EU diplomats: We’re surprised by Netanyahu’s lack of coalition control
European officials in Israel expected premier to have more influence over far-right, will meet Wednesday to discuss rising violence, but not all see situation as particularly dire
Lazar Berman is The Times of Israel's diplomatic reporter
European diplomats are surprised by Prime Minister Benjamin Netanyahu’s perceived inability to rein in his far-right coalition partners, officials from several countries told The Times of Israel on Tuesday.
“We used to think Netanyahu was in the background pulling levers,” said one European Union official. “We don’t see the control behind the scenes that he led us to believe he has.”
The official highlighted the power Netanyahu’s hardline coalition partners National Security Minister Itamar Ben Gvir and Finance Minister Bezalel Smotrich have in the government.
“We might not quite have appreciated the control and influence Ben Gvir and Smotrich might have over him,” the official said.
Netanyahu returned to power in December, relying on far-right and religious allies to form a coalition. He did not bring any centrist parties on board, giving his right flank significant freedom and power in the coalition, since he needs every party to remain in the government to retain his majority in the Knesset.
The European diplomats’ comments come after a sharp rise in deadly violence in the West Bank, during which hardline lawmakers rebelled openly against Netanyahu’s policies and his attempts to lower the flames.
Hours after a shooting attack in Huwara on Sunday that killed brothers Hallel Yaniv, 21, and Yagel Yaniv, 19, from the settlement of Har Bracha, hundreds of extremist settlers descended on the Palestinian town in the northern West Bank and set fire to homes, storefronts and cars. One Palestinian man was killed and dozens injured in the rampage.
The next day, American-Israeli citizen Elan Ganeles was shot dead in a terrorist attack near Jericho while he was on the way to a friend’s wedding outside Jerusalem.
On Sunday, ahead of the attack that killed the Yaniv brothers, Netanyahu sent his National Security Adviser Tzachi Hanegbi and Shin Bet chief Ronen Bar to the Jordanian city of Aqaba for a summit with Jordan, Egypt, the Palestinian Authority, and the US. Though the parties emerged from the meeting with a joint communique about de-escalation ahead of Ramadan, both Smotrich and Ben Gvir disputed the outcome.
Smotrich tweeted that he “has no clue” what was said at the “unnecessary summit” in Jordan.
“What happened in Jordan (if it happened), will remain in Jordan,” concurred Ben Gvir.
Ben Gvir and his far-right Otzma Yehudit faction also boycotted a Knesset plenum session called by the opposition that Netanyahu was required to attend. A Likud spokesman slammed Ben Gvir and his party for not attending the session, saying their absence was “an irresponsible act against a right-wing government.”
In announcing the move to boycott, the Otzma Yehudit accused Netanyahu and Defense Minister Yoav Gallant of “tolerating” Palestinian terrorism and of carrying out policies without coordinating with the party.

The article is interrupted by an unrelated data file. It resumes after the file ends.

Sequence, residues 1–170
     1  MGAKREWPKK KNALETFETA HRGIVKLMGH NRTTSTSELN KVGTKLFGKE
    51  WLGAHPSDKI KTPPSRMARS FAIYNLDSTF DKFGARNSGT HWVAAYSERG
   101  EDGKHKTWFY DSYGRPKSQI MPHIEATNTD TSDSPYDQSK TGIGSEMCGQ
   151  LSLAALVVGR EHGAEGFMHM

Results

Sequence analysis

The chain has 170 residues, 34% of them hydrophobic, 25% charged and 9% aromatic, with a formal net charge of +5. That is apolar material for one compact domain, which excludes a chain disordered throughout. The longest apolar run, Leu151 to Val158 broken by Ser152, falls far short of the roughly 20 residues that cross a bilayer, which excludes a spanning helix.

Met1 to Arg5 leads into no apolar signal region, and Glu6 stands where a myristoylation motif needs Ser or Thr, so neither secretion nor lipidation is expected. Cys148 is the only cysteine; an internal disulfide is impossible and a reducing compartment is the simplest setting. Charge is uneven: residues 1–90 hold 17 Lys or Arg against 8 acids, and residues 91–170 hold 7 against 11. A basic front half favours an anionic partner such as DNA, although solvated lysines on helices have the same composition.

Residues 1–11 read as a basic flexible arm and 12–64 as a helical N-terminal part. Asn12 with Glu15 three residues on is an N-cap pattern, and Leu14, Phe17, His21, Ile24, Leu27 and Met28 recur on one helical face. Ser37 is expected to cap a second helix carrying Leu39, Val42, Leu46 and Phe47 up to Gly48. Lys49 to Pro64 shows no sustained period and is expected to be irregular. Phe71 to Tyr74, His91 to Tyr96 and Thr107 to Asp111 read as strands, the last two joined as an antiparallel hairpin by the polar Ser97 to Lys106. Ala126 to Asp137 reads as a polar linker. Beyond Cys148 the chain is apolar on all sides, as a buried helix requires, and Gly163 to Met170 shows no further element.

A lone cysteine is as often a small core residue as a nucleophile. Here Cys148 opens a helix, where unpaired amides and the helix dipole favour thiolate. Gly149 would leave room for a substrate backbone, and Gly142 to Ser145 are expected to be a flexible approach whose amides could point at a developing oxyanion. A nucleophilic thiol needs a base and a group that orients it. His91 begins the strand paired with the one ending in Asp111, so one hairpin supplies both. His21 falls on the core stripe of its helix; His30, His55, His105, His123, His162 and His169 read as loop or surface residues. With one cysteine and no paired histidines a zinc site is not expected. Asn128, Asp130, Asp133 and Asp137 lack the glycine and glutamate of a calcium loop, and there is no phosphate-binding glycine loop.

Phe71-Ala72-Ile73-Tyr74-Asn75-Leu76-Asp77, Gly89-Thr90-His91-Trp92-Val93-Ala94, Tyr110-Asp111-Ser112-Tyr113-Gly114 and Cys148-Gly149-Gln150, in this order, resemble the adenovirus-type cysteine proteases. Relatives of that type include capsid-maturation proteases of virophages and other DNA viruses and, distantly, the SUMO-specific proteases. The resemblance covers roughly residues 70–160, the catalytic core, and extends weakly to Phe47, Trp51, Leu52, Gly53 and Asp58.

“It appears there is less control than we first thought,” a second diplomat said Tuesday. “The policies and the rhetoric are accelerating negative trends.”
“Netanyahu, who built his whole campaign on restoring security, is now witnessing the security situation get out of his hands,” said a third European official.
“There’s a general feeling that more extremist members of the coalition unleashed a certain feeling of immunity within the most radical settler communities,” he said.
The diplomats’ statements echo accusations made by opposition leader Yair Lapid at a faction meeting Monday.
Ben Gvir “has one policy, Smotrich, the political arm of the [radical settler] hilltop youth, has a second policy,” he said, while “Gallant has a third policy and Netanyahu is weak and unable to put them in their place.”
But not all European diplomats share the same sense of alarm.
“We are confident that the prime minister can personally handle the situation,” a fourth official said. “I don’t feel the current situation is out of the average level of tension.”
The official added that EU diplomats tend to magnify ongoing tensions because of political bias against Netanyahu.
The diplomats indicated that they are not proactively looking to engage with Ben Gvir or Smotrich. Instead, they look to speak with Gallant, Hanegbi, Foreign Ministry officials, and the IDF. “They are all rational and responsible human beings,” explained one of the officials.
The Europeans are keeping the coalition’s policies and statements on West Bank violence separate in their minds from any concerns over the government’s judicial overhaul effort.
Unlike the US, the diplomats stationed in Israel are largely refraining from commenting. However, German Foreign Minister Annalena Baerbock publicly voiced her concerns Tuesday, saying that “the values that bind us together include the protection of principles of the rule of law such as judicial independence.”
In the wake of the spiraling violence, EU ambassadors in Israel are meeting Wednesday at the EU mission in Ramat Gan.
No major announcement is expected to emerge from the meeting, but the EU will continue to communicate the need for accountability for those who commit violence, one of the diplomats said.
“Statements are fine,” said the official. “Actions are even better when it comes to holding these people accountable.”
An EU statement on Tuesday called for the protection of civilians and immediate steps toward de-escalation.
Still, the European officials acknowledged the limits of the influence they and other outside parties wield over events on the ground.
“The main takeaway of the last days, no matter how hard diplomatic efforts to recreate a horizon, the reality of the ground always tops and sometimes topples the diplomatic efforts,” said one of the diplomats.